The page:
If you have been exposed to asbestos and your doctor sees a mesothelioma tumor on your CT scan, it may be a waste of time to do a lung fluid test, too.
Many different types of cancer cause excess lung fluid or pleural effusions. Looking for cancer cells in pleural effusions is one of the ways doctors test for cancers like pleural mesothelioma. This is called effusion cytology.
But a new study says this test may not be very reliable for people with malignant mesothelioma. If other factors point to mesothelioma, they say it makes more sense to skip effusion cytology and go straight to a biopsy.
Mesothelioma Develops in People Exposed to Asbestos
Pleural mesothelioma is a type of lung cancer that develops in people who were exposed to asbestos. It is a difficult cancer to diagnose. Many patients do not have any symptoms until their mesothelioma is advanced.
Mesothelioma diagnosis is a multi-step process. Patients may have imaging scans, blood tests, a biopsy and/or effusion cytology. Doctors will also need to know if they were exposed to asbestos since asbestos is the main cause of mesothelioma.
Many mesothelioma patients die within a year of diagnosis. Researchers are looking for ways to speed up treatment and improve the odds of surviving mesothelioma.
Negative Effusion Test Likely in Certain Mesothelioma Patients
When doctors suspect a pleural cancer like mesothelioma, it is common to test the patient’s lung fluid for cancer cells. But researchers in Glasgow, UK say this might be a waste of time for some suspected mesothelioma patients.
They reviewed the cases of 363 patients who were part of a study on mesothelioma biomarkers. Their goal was to see how valuable effusion cytology really is for these patients.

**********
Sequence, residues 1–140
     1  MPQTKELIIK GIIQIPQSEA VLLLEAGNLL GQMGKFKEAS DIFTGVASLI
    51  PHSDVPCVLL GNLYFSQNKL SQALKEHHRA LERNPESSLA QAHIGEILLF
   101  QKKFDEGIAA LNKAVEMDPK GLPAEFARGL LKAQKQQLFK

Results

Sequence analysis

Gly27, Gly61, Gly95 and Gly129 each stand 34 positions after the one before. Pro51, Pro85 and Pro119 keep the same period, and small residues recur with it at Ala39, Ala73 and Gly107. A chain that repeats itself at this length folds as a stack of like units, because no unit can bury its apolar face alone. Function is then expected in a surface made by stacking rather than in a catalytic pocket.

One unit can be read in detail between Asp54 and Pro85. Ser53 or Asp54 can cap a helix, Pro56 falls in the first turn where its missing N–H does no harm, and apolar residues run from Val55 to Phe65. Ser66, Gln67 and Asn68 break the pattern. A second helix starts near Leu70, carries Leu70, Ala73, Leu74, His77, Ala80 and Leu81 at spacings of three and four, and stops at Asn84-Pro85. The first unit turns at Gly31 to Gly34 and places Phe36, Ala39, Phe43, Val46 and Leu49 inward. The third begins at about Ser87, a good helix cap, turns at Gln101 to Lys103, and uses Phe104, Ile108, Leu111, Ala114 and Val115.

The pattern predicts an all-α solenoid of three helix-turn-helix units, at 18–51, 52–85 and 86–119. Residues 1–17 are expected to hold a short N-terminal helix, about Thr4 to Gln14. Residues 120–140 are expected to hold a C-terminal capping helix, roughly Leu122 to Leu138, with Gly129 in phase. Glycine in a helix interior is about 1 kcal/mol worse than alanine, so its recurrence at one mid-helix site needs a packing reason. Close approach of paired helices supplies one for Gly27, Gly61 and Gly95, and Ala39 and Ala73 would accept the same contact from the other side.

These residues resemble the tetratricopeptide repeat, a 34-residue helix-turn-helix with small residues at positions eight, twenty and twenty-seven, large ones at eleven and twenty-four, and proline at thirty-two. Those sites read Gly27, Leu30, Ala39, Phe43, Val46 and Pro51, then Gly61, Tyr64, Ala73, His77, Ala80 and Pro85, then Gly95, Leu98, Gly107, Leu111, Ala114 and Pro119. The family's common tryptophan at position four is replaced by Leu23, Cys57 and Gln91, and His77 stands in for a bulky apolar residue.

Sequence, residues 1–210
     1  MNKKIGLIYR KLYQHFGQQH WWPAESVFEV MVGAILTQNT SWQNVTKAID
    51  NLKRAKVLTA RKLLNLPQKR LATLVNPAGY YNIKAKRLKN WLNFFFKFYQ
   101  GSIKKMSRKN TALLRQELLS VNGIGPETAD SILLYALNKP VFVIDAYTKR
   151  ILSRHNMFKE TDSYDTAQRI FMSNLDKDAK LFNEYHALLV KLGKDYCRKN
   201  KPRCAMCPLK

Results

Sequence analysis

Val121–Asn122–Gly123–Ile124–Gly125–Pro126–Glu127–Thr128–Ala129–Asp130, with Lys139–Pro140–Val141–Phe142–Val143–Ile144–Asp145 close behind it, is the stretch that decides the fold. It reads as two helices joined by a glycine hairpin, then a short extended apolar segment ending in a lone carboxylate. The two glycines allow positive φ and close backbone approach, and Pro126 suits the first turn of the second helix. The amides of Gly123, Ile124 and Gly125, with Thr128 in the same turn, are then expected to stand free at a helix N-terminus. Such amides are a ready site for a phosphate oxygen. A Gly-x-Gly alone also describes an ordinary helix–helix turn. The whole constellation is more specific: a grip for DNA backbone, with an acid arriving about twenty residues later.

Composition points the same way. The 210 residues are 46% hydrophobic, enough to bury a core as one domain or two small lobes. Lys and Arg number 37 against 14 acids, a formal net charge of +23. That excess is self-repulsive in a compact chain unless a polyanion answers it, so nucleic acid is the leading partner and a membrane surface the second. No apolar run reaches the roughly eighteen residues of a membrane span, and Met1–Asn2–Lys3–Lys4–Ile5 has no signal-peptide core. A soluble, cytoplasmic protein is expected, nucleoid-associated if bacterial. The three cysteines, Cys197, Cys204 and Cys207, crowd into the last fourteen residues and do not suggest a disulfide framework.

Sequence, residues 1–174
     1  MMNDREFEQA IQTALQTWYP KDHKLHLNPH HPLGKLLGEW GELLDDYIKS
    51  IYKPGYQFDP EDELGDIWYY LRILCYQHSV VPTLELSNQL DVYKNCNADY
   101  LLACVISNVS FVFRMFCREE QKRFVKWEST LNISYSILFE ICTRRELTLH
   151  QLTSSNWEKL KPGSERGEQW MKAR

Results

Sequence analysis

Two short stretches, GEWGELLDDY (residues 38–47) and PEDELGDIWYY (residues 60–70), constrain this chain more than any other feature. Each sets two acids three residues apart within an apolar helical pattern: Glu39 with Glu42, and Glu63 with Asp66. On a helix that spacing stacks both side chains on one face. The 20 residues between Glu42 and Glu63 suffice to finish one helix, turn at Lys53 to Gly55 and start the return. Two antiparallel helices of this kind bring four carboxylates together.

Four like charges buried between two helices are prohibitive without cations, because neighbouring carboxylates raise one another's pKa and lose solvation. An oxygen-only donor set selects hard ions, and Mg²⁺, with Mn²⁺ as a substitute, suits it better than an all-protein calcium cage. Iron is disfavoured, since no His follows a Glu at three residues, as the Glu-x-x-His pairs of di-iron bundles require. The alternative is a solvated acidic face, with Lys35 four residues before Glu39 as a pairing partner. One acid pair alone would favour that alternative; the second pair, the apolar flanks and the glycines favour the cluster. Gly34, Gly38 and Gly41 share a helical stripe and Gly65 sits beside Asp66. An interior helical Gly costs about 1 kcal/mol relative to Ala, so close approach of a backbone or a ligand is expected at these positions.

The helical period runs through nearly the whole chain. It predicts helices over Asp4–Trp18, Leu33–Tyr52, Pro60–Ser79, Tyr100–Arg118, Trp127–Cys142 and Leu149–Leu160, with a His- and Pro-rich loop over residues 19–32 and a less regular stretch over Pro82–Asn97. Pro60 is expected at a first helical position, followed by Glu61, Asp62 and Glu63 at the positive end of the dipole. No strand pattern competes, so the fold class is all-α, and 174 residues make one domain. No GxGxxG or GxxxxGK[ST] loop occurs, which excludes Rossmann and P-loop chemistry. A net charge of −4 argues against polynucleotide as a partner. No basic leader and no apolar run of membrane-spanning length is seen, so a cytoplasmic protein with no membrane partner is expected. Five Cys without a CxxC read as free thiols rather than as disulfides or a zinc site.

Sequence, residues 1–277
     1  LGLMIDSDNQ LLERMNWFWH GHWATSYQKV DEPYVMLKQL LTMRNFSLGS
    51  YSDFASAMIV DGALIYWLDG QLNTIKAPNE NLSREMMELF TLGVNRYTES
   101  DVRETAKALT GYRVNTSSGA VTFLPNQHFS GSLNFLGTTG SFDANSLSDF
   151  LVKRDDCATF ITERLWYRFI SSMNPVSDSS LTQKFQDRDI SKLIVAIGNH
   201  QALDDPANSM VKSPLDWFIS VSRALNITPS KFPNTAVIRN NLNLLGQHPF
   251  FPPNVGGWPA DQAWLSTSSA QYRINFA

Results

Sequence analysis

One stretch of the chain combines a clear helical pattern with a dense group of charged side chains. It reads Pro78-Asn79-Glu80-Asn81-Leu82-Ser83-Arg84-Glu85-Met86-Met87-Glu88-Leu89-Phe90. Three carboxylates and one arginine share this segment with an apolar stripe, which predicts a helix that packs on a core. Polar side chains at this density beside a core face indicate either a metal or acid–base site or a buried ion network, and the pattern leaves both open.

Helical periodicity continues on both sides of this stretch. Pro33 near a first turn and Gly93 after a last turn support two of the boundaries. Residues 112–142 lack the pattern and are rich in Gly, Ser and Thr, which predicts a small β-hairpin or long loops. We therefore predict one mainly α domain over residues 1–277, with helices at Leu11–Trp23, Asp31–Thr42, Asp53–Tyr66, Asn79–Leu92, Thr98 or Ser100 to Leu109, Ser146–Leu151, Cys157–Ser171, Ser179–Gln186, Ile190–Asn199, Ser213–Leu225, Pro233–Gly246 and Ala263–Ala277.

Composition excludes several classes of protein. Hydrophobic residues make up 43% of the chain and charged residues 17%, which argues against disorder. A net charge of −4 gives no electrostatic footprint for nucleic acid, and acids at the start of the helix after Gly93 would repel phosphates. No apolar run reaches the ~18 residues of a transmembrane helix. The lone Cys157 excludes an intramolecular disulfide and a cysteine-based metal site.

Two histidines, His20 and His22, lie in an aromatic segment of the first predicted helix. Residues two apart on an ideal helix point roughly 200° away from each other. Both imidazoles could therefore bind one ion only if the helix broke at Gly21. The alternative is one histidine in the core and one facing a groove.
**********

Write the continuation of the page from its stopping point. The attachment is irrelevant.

They found that the lung fluid test was negative for mesothelioma cells in 63 percent of patients.
If a patient was exposed to asbestos and had a visible tumor on the CT scan, fluid cytology was only 19 percent effective in confirming mesothelioma. In many of these cases, the cytology results were not even complete.
Fluid Cytology Not Worth the Time
Since the lung fluid test was negative in most patients who were exposed to asbestos and had a positive CT scan, the researchers suggest it might be better not to waste time doing it. Especially since incomplete results mean the patient needs a biopsy anyway.
“Negative cytology is extremely likely in patients with asbestos exposure and a malignant CT report,” they write.
In these cases, the team says a “Direct-to-LAT” approach might be best. LAT stands for Local Anaesthetic Thoracoscopy. It is a very sensitive but expensive method to remove mesothelioma tumor cells for testing.
If a LAT test confirms that the tumor is pleural mesothelioma, treatment could start right away.
Tsim, S, et al, “Baseline predictors of negative and incomplete pleural cytology in patients with suspected pleural malignancy – Data supporting ‘Direct to LAT’ in selected groups”, July 2019, Lung Cancer, pp. 123-129, https://linkinghub.elsevier.com/retrieve/pii/S0169500219304623